On May 1 Goebbels sent General Hans Krebs to meet with General Vasily Chuikov, who commanded the Soviet troops in central Berlin, to negotiate terms of surrender. Chuikov rejected the offer and demanded that the Germans unconditionally surrender. After Krebs returned to the bunker and informed Goebbels of Chuikov’s reply, Goebbels committed suicide too. General Helmuth Weidling, the commander of the surviving German troops in Berlin, unconditionally surrendered on May 2.

On the Italian front, the western Allies had launched a massive attack against the Germans and their Italian fascist allies in northern Italy on April 6. The Allies succeeded in smashing through the Axis forces and on April 27 Italian resistance fighters captured Italian dictator Benito Mussolini and executed him the next day. General Heinrich von Vietinghoff, the commander of German forces in Italy, surrendered on May 2.

In his will, Hitler had also  designated that German Admiral Karl Dönitz should become the new President of Germany and supreme commander of the armed forces. Dönitz set up his government at a German naval academy in Flensburg, in northern Germany near the Danish border. On May 4 the German troops he commanded in the Netherlands, Denmark and northwestern Germany surrendered to the opposing British forces. (Significant organized German resistance on the Western front had already ended on April 21, when the last of the German troops trapped in the Ruhr Pocket surrendered.)

Dönitz sent General Alfred Jodl to Reims, France, on May 6 with an offer to surrender all German forces fighting the Western Allies. But the Supreme Allied Commander, U.S. General Dwight D. Eisenhower, threatened to break off all negotiations unless the Germans agreed to an unconditional surrender of all German troops, including those still fighting the Soviets on the Eastern Front. Dönitz had no choice but to accept Eisenhower’s terms and authorized Jodl to sign surrender documents the next day, May 7.

German surrender, May 8, 1945
German Field Marshal Wilhelm Keitel signs the unconditional surrender of Nazi Germany in Berlin, May 8, 1945 (Wikipedia)

But Soviet ruler Joseph Stalin wasn’t happy about the German surrender in Reims. His Soviet armies, after all, had done the bulk of the fighting in the war and had suffered millions of casualties. He claimed the Soviet representative at Reims had lacked the authority to sign a surrender document and demanded that the Germans also surrender directly to the Soviet forces in occupied Berlin. So on 8 May Dönitz sent General Wilhelm Keitel to Berlin to sign the “official” unconditional surrender with Soviet General Georgy  Zhukov and other Allied representatives. Because it was signed late at night, and it was already May 9 in Moscow, Russia celebrates May 9 as Victory Day.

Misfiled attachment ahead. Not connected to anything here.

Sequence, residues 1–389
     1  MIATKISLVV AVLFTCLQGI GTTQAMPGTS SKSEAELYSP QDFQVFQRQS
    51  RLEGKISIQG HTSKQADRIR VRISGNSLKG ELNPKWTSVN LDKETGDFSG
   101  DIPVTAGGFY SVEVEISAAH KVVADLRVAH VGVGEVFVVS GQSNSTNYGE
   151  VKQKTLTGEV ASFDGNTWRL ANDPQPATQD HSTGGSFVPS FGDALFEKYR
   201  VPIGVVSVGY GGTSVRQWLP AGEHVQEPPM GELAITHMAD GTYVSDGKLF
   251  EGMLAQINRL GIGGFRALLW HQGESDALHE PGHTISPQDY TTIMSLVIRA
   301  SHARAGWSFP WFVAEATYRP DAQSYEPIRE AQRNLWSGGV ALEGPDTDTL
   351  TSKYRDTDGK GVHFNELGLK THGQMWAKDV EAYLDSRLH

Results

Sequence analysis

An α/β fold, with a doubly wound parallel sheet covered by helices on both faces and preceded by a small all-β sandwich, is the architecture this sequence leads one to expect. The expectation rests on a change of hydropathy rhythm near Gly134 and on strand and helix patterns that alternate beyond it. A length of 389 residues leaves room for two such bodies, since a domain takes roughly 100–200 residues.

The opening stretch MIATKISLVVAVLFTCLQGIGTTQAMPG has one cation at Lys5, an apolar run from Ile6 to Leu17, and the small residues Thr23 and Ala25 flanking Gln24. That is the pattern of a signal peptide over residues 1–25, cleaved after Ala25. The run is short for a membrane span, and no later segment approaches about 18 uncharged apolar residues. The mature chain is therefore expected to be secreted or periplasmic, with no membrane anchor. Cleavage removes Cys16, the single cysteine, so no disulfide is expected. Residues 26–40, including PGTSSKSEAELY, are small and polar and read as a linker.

World War II in Iraq – May 1941

Iraqi aircraft insignia
Iraqi aircraft insignia

In 1991 a U.S.-led coalition launched Operation Desert storm against Iraq, the combat phase of the Persian Gulf War, because Iraq’s dictator Saddam Hussein had invaded Kuwait the previous year. The troops the United Kingdom contributed to the coalition were outnumbered only by those from the U.S.

This wasn’t the first time the British had attacked Iraq. Iraq was part of the Ottoman Empire during World War I. The Ottoman Turks were one of the Central Powers, allied with Germany, and the British were one of the opposing Allies and they sent troops to Iraq to fight the Ottomans.

After the Central Powers lost WWI the Ottoman Empire collapsed and many of its territories became “mandates” of the winning Allies. Iraq became a British mandate until 1932, when Iraq was given its independence. The Iraqis weren’t truly independent, however, because the British retained the right to transport their troops across the country and to operate two Royal Air Force (RAF) airbases there.

Iraqi nationalists, as you might imagine, were unhappy with this arrangement. They were encouraged by the military successes of Hitler in the early years of WWII because German agents were promising to help kick the British out of the Middle East and to prevent the Jews from establishing a nation in Palestine. Subsequently, at the beginning of April, 1941, a military coup in Baghdad put an Iraqi nationalist named Rashid Ali in power and he appealed to the Axis for help. (One of the conspirators was Khairallah Talfah, the uncle that raised Saddam Hussein.) Ali promised the Germans and Italians unrestricted use of all airfields in Iraq for any forces they were willing to send to help fight the British.

Britain’s military was already fully engaged in Greece and Africa, but the British knew they could not afford to lose control of Iraq’s oil, or to have hostile forces gain a foothold east of Egypt. In mid-April they responded to the coup by landing troops at Iraq’s Persian Gulf port of Basra to supposedly assert their right to move troops across Iraq. Some of these troops were airlifted to reinforce the British airfield located at Habbaniya, along the Euphrates River west of Baghdad.